U.S. Secretary of State Mike Pompeo on Sunday defended the intelligence assessment that led the United States to kill Iranian military commander Qassem Soleimani, as Democratic lawmakers questioned whether there was an imminent threat, APA reports quoting Reuters.
Asked about reports indicating that intelligence behind Friday’s targeted air strike was thin, Pompeo said there was “no skepticism” among senior leaders who had access to all the U.S. intelligence.
“The intelligence assessment made clear that no action - allowing Soleimani to continue his plotting and his planning, his terror campaign - created more risk than taking the action that we took last week,” Pompeo told ABC’s “This Week.”
Soleimani, Iran’s pre-eminent military commander, was killed in a U.S. drone strike on his convoy at Baghdad airport, an attack that took long-running hostilities between Washington and Tehran into uncharted territory and raised the specter of wider conflict in the Middle East.
After Iran vowed retaliation, Trump sent a series of Twitter posts on Saturday threatening to strike 52 Iranian sites, including some “important to Iran & the Iranian culture,” if Tehran attacked Americans or U.S. assets.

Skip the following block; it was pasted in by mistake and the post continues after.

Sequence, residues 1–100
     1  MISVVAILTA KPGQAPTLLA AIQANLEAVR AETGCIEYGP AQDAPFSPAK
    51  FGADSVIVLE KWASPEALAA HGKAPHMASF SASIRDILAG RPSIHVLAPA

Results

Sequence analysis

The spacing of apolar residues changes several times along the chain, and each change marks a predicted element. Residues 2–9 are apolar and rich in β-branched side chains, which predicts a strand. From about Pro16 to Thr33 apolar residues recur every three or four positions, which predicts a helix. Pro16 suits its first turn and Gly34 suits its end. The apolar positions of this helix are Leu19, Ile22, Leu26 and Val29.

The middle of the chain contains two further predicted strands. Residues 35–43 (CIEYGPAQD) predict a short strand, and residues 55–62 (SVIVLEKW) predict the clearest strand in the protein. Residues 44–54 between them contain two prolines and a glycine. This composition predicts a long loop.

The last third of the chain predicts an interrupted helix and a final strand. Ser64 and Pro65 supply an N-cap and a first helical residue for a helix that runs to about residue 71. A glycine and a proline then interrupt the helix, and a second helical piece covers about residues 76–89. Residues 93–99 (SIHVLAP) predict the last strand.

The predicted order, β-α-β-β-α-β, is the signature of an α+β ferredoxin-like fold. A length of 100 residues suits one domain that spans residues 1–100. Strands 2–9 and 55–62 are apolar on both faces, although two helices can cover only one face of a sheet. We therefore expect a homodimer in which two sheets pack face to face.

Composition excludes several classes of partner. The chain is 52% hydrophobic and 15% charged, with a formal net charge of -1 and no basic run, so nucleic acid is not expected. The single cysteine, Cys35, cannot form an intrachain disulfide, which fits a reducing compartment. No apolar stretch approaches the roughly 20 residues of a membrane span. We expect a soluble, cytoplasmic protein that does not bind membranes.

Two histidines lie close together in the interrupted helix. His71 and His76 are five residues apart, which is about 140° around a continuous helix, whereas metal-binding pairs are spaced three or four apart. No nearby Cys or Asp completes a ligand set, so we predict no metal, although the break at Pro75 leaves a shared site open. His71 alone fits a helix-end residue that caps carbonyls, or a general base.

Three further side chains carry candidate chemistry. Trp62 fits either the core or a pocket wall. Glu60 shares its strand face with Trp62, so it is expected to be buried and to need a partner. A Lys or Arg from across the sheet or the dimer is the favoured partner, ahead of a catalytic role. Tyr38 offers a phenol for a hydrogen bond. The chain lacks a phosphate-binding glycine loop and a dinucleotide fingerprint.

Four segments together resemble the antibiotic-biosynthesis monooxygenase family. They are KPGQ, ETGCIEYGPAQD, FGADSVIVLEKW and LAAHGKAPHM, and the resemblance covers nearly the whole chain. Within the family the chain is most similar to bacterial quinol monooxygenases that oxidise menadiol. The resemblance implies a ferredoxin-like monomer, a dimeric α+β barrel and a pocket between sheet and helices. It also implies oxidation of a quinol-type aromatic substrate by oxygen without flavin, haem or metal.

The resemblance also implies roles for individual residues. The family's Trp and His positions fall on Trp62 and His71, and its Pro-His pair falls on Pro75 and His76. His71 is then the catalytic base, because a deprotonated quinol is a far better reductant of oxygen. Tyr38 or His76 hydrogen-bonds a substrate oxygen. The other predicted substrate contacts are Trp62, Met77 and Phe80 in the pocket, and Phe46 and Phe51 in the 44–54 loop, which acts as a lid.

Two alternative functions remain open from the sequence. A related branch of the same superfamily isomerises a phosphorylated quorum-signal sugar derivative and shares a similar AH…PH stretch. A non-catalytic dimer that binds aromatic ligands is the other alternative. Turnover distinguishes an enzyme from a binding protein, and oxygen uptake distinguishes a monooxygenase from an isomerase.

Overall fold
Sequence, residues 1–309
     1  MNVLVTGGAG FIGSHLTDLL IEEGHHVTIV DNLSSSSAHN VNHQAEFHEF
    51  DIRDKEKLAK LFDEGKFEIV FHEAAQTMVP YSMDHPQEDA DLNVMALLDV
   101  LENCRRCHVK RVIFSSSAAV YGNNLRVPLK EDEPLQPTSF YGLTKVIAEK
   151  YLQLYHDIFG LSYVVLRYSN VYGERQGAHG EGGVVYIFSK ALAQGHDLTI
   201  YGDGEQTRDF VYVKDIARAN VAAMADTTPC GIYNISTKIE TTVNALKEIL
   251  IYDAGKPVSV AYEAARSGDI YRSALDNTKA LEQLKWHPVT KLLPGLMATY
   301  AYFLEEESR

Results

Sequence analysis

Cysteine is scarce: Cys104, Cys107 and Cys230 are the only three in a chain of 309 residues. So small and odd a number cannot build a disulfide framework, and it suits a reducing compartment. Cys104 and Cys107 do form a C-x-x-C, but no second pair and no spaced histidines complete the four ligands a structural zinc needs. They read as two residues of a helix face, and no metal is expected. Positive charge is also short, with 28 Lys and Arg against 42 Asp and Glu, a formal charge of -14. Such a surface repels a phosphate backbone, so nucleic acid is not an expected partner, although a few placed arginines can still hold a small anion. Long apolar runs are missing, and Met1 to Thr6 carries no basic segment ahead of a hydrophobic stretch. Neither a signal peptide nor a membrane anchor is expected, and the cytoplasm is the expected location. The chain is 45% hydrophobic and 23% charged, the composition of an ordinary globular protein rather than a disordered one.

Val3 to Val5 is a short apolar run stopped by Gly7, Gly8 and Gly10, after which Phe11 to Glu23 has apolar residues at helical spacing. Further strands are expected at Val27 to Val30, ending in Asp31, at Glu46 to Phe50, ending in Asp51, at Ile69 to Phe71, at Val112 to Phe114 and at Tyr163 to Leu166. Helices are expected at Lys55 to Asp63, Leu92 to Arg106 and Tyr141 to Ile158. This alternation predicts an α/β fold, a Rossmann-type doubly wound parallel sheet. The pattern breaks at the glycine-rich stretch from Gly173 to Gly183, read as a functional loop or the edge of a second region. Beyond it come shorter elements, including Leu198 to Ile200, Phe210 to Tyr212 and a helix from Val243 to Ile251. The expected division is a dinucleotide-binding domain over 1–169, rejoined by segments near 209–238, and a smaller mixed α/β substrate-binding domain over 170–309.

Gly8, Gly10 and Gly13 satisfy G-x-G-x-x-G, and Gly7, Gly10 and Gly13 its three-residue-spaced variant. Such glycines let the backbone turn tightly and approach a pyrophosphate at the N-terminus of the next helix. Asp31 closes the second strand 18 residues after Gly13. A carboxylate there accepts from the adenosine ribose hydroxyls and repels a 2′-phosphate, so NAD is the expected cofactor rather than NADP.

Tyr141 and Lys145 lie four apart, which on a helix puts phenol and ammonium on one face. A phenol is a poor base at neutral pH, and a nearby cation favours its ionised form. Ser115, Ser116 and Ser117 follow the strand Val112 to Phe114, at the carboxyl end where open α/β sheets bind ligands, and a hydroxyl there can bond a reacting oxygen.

Pompeo insisted any future U.S. strikes would be lawful.
U.S. Senator Mark Warner, the top Democrat on the Senate Intelligence Committee, said he was not yet convinced there was an imminent threat that justified the strike that killed Soleimani and a top Iran-backed Iraqi militia commander.
“I accept the notion that there was a real threat. The question of how imminent is something that I need more information on,” Warner told NBC’s “Meet the Press.”
The Senate’s top Democrat, Chuck Schumer, said on ABC’s “This Week”: “We do not need this president either bumbling or impulsively getting us into a major war.”